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Publication numberUS4813218 A
Publication typeGrant
Application numberUS 07/122,171
Publication dateMar 21, 1989
Filing dateNov 18, 1987
Priority dateNov 20, 1986
Fee statusLapsed
Also published asDE3767449D1, EP0268571A1, EP0268571B1
Publication number07122171, 122171, US 4813218 A, US 4813218A, US-A-4813218, US4813218 A, US4813218A
InventorsTore V. Claesson
Original AssigneeHusqvarna Aktiebolag
Export CitationBiBTeX, EndNote, RefMan
External Links: USPTO, USPTO Assignment, Espacenet
Lawn mower support structure
US 4813218 A
Abstract
This invention relates to a lawn mower comprising a motor, preferably of the combustion engine type, rotating a knife about a vertical axis, a chassis surrounding said knife and a support structure between the motor and the chassis comprising vibration insulating means. The vibration insulating means comprise several elongated blocks (22) of elastic material the blocks being placed with their longitudinal axis in the radial direction so that they when being acted on by tangential forces (B) are deformed more than when they are acted on by radial forces (C) the support structure joining the chassis (16) and a motor support (10) to each other by separate means (28,29) allowing a limited tangetial movement between the motor support and the chassis and preventing separation of the motor support and the chassis.
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Claims(6)
I claim:
1. In a lawn mower having a motor, a cutting blade rotated by said motor about a substantially vertical axis, a chassis surrounding said blade, a motor support, and a support structure mounted between said motor and the chassis and including vibration insulation means, the improvement comprising; said vibration insulating means including a plurality of elongated blocks of resilient material, the blocks being placed with their longitudinal axis in the radial direction so that when they are acted upon by a tangential force are deformed more than when they are acted upon by a radial force, and separate means for joining the chassis and motor support whereby a limited tangential movement is permitted between said motor support and chassis while preventing the separation of said chassis and motor support, said separate means comprising sleeves having flanges that are fixed to said chassis.
2. A lawn mower as claimed in claim 1 wherein said motor support is provided with spaced holes, and said sleeves are freely extending through said holes whereby said flanges of the sleeves lock said motor support to said chassis.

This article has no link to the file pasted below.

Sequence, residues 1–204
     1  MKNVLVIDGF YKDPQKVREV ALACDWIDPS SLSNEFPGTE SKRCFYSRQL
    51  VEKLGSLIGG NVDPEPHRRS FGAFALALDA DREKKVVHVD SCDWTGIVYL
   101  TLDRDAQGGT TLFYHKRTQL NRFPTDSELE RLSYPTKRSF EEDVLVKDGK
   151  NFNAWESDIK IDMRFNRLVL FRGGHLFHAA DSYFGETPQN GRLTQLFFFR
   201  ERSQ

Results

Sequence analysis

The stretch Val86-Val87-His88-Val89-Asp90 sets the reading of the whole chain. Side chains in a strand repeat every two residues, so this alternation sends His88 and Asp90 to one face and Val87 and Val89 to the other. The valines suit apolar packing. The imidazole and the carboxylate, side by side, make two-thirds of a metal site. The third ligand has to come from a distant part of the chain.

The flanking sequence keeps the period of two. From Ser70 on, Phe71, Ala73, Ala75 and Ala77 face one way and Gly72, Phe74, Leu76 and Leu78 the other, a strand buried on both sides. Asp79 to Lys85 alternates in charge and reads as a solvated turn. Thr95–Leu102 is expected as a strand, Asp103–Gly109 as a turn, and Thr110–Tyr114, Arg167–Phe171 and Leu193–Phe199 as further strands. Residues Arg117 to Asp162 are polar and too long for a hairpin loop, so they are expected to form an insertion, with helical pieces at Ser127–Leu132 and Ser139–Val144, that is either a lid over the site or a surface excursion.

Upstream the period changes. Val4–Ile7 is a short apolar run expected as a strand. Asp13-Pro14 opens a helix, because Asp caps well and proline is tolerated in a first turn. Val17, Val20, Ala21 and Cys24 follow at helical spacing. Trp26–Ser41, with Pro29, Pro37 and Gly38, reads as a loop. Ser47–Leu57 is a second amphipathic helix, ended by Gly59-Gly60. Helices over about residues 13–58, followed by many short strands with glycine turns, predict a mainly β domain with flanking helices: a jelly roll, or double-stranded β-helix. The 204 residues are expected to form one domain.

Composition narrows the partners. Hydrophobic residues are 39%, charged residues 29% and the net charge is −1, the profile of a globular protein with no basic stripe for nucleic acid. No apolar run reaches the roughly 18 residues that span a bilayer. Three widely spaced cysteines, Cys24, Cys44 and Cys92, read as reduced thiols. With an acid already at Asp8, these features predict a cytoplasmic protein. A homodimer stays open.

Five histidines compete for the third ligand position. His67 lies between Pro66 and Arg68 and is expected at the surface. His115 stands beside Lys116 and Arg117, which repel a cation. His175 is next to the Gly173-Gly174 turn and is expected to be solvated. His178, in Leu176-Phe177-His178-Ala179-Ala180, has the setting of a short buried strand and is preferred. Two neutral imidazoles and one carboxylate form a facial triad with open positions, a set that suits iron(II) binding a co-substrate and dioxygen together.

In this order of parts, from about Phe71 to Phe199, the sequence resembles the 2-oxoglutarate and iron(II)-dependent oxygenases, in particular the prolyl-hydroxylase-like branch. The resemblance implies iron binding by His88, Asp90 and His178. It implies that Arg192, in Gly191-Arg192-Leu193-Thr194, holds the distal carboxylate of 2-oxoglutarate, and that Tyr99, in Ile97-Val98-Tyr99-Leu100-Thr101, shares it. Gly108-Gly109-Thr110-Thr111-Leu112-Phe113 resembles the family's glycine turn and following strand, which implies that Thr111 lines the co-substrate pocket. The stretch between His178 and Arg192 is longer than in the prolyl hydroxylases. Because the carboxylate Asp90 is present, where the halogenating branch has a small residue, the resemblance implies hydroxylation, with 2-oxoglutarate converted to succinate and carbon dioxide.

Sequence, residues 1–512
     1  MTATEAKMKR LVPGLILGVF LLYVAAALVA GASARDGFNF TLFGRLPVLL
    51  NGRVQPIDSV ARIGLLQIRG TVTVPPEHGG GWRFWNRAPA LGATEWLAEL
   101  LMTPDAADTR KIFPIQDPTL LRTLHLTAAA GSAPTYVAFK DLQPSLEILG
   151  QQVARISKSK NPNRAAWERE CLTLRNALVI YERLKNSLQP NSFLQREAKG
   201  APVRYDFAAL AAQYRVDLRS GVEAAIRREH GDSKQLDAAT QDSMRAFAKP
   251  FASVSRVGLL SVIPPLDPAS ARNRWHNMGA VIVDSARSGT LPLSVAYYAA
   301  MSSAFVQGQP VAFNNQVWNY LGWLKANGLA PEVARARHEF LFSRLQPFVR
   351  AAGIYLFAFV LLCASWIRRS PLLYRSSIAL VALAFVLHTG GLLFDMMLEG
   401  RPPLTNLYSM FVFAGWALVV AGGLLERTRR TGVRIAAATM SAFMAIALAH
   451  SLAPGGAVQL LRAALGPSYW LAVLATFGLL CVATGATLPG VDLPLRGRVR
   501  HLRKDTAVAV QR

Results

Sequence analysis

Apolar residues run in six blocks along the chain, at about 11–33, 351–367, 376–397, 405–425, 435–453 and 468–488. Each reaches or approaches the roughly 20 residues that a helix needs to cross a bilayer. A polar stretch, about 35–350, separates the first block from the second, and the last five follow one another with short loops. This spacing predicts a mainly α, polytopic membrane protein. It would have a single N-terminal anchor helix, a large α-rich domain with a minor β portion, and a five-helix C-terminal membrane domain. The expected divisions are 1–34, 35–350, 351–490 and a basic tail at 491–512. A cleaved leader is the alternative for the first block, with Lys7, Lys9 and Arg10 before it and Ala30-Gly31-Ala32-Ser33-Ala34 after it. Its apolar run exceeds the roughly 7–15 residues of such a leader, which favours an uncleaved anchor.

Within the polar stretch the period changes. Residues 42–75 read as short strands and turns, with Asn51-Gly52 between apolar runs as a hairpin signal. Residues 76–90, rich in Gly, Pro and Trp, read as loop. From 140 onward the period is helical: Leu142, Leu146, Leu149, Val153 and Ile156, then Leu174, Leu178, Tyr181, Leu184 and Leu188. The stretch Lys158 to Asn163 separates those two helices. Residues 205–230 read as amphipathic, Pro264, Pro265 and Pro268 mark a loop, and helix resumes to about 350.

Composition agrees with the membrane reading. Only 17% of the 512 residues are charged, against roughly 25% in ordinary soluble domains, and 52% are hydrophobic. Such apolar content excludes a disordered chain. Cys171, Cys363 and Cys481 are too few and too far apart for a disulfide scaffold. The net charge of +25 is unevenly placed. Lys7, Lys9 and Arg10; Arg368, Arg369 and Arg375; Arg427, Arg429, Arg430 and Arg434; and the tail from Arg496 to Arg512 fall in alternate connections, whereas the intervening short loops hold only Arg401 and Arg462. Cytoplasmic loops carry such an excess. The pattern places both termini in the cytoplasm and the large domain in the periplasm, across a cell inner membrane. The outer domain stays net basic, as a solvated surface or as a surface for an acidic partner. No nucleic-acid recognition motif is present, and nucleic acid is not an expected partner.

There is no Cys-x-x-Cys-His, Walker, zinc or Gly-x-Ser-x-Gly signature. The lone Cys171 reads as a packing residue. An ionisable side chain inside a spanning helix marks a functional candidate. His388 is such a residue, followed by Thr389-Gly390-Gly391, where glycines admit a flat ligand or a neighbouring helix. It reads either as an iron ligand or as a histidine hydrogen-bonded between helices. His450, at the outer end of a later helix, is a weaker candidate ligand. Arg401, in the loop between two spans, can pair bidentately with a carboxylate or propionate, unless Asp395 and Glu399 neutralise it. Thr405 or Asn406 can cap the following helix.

3. A lawn mower as claimed in claim 2 further comprising a rubber cover on said sleeve, and facing said motor support.
4. A lawn mower as claimed in claim 1 further comprising releasable clamps, and said elongated resilient blocks being secured to said motor support or chassis by said releasable clamps.
5. A lawn mower as claimed in claim 4 wherein said clamps are U-shaped, and the outer part of the legs are provided with grooves to engage the edges of holes in said chassis or motor support.
6. A lawn mower as claimed in claim 1 further comprising pockets wherein the elongated resilient bodies rest in said pockets on said chassis or on the motor support.
Description

This invention relates to a lawn mower comprising a motor, preferably of the combustion engine type, a rotating a blade about a vertical axis, and a chassis surrounding said blade, and a support structure between the motor and the chassis comprising vibration insulating means.

BACKGROUND OF THE INVENTION

In order to limit the transfer of vibrations from the cutting attachment to the operator it is previously known to fasten elastic details between the handle and the chassis and between the chassis and the motor.

The first mentioned type of system has certain drawbacks of which the following are important. The handle usually has a very small mass compared to the total mass in the swinging system which means that the major part of the vibrations after all are transferred to the operator. The handle feels flabby because of the soft fastening and the complete chassis vibrates together with the motor which means noise and strength problems with the chassis.